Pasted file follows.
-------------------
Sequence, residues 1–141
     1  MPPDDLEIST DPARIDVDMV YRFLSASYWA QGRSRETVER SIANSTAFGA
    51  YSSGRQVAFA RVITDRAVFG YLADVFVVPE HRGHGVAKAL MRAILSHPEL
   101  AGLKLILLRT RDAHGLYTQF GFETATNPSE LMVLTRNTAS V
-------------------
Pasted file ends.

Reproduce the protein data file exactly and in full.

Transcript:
Sequence, residues 1–141
     1  MPPDDLEIST DPARIDVDMV YRFLSASYWA QGRSRETVER SIANSTAFGA
    51  YSSGRQVAFA RVITDRAVFG YLADVFVVPE HRGHGVAKAL MRAILSHPEL
   101  AGLKLILLRT RDAHGLYTQF GFETATNPSE LMVLTRNTAS V